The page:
Middle East Nakba day: Palestinians prepare for more Gaza protests as Israel faces international condemnation over border violence

Gazans, desperate after more than a decade of a crippling Israeli blockade, expected to throw themselves at border fence again despite bloodshed in yesterday’s protests

 

Bethan McKernan writes in The Independent on Tuesday 15th May

 

Article reproduced with thanks to The Independant

Photo: APF/GETTY

 

Palestinian families are burying their dead after Gaza endured its worst day of violence in years: 57 people were shot by Israeli troops and a baby died of tear gas inhalation in protests on the border.

The toll of 58 dead and around 2,700 injured – many shot in the legs – was the steep price paid by those who protested at the security fence which separates the blockaded Palestinian enclave from Israel on Monday.

Fresh protests are expected this afternoon, but it is not clear if they will be of the same size or intensity as yesterday.

Haaretz reports that Hamas, the militant organisation in control of the Gaza Strip, has sent messages to Israeli officials suggesting it may tone down protests planned for Tuesday – the Nakba, or ‘Catastrophe’, which Palestinians mark as the birth of Israel – in light of yesterday’s bloodshed. Three days of mourning have been declared. 

On Monday around 40,000 people were bussed to the border by Hamas – the culmination of weeks of protests ahead of the planned US embassy move from Tel Aviv to Jerusalem, as well as the Nakba. 

Israel’s air force dropped leaflets warning people their lives would be in danger if they protested at the border. They were ordered to use live fire on anyone trying to cross into Israel during the protests, which the Israel Defence Forces (IDF) said were being used as cover by Hamas for attacks.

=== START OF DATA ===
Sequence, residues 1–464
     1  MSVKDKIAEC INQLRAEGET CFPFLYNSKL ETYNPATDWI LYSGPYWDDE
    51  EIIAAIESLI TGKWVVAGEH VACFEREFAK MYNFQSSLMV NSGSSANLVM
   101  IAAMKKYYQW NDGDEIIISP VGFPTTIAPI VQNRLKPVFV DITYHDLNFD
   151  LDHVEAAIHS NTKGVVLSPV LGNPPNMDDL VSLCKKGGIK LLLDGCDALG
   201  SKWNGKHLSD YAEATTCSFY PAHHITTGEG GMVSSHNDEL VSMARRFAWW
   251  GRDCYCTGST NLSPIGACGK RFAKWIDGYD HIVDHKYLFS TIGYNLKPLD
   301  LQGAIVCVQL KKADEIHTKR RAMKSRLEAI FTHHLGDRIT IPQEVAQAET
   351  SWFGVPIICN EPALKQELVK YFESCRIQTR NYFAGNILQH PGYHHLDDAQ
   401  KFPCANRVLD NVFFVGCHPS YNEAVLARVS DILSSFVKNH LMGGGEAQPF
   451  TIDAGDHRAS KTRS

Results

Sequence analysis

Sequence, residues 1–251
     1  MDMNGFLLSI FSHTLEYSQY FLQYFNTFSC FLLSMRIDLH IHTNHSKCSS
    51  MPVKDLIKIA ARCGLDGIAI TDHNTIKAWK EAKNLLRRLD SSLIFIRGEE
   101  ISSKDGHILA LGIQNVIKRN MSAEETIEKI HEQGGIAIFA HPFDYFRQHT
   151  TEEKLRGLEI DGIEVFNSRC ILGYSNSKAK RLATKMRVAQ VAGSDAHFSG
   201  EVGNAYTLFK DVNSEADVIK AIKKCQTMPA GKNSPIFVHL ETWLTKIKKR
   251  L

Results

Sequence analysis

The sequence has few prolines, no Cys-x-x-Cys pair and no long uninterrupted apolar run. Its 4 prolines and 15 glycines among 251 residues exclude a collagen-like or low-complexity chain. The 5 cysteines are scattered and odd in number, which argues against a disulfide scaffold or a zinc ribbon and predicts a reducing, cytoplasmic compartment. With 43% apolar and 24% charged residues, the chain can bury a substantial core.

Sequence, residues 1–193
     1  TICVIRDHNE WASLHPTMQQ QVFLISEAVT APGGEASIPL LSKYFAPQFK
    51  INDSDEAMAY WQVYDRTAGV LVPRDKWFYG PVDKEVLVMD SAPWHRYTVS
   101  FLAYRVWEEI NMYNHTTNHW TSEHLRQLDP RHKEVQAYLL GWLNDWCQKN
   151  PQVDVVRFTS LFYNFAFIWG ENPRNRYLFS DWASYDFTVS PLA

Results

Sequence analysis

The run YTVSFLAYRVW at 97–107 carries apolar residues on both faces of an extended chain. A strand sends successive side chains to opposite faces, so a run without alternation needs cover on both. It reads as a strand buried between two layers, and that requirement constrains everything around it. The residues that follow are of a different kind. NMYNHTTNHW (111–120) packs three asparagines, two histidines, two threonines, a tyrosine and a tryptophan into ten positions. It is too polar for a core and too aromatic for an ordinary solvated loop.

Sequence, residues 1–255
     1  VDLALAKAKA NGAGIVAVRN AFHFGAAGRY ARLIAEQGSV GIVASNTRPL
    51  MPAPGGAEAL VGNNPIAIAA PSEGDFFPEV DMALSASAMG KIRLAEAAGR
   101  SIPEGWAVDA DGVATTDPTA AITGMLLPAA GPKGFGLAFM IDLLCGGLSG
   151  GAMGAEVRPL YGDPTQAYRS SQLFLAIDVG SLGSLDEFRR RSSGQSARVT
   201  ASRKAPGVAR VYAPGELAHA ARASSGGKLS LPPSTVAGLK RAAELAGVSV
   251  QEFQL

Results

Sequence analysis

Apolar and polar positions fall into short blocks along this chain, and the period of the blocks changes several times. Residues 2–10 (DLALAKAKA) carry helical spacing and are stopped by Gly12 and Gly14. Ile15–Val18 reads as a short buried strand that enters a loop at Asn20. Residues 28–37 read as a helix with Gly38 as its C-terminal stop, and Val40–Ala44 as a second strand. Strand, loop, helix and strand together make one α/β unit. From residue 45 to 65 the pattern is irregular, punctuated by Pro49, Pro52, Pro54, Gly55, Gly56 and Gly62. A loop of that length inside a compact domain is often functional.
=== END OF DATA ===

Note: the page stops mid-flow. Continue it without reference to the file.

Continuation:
The resulting heavy casualties betray both Gaza’s desperation after 11 years of a crippling blockade and the Israel military’s heavy handed tactics, human rights organisations said.

“The policy of Israel authorities to fire irrespective of whether there is an immediate threat to life on Palestinian demonstrators in Gaza, caged in for a decade and under occupation for half a century, has resulted in a bloodbath anyone could have foreseen,” director of Human Rights Watch’s Middle East and North Africa division Sarah Leah Whitson said in a statement.

For the most part the international community has condemned the Israeli policy of firing on unarmed protesters.

South Africa and Turkey have recalled their ambassadors to the country.

The UN Security Council will meet later on Tuesday to discuss the violence, though it is not clear what action might come out of the session.

Officials from US President Donald Trump’s administration, including his daughter Ivanka Trump and son-in-law Jared Kushner, have also drawn criticism for celebrating the opening of the new US embassy in the contested city of Jerusalem while just 60 kilometres (40 miles) away Gazans were dying at the border as they protested the move.

The White House has explicitly blamed Hamas for the violence.

“Hamas is intentionally and cynically provoking this response and as the secretary of state [Mike Pompeo] said, Israel has a right to defend itself,” White House deputy press secretary Raj Shah told reporters on Monday night.

Also on Monday, the US blocked the UN Security Council from adopting a statement calling for an independent probe into Monday’s violence. 

 

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